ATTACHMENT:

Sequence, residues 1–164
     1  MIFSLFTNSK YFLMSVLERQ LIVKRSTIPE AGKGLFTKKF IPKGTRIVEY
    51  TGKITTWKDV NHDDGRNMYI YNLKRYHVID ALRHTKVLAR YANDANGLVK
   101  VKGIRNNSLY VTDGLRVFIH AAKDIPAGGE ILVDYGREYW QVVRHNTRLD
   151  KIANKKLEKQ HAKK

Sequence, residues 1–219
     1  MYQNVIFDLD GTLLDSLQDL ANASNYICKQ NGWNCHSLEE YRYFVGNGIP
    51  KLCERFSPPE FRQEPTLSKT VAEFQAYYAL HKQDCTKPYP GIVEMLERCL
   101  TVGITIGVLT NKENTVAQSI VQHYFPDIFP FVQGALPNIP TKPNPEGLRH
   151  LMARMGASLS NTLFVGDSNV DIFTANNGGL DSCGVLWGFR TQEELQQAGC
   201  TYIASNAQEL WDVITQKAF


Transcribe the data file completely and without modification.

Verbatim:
Sequence, residues 1–164
     1  MIFSLFTNSK YFLMSVLERQ LIVKRSTIPE AGKGLFTKKF IPKGTRIVEY
    51  TGKITTWKDV NHDDGRNMYI YNLKRYHVID ALRHTKVLAR YANDANGLVK
   101  VKGIRNNSLY VTDGLRVFIH AAKDIPAGGE ILVDYGREYW QVVRHNTRLD
   151  KIANKKLEKQ HAKK

Sequence, residues 1–219
     1  MYQNVIFDLD GTLLDSLQDL ANASNYICKQ NGWNCHSLEE YRYFVGNGIP
    51  KLCERFSPPE FRQEPTLSKT VAEFQAYYAL HKQDCTKPYP GIVEMLERCL
   101  TVGITIGVLT NKENTVAQSI VQHYFPDIFP FVQGALPNIP TKPNPEGLRH
   151  LMARMGASLS NTLFVGDSNV DIFTANNGGL DSCGVLWGFR TQEELQQAGC
   201  TYIASNAQEL WDVITQKAF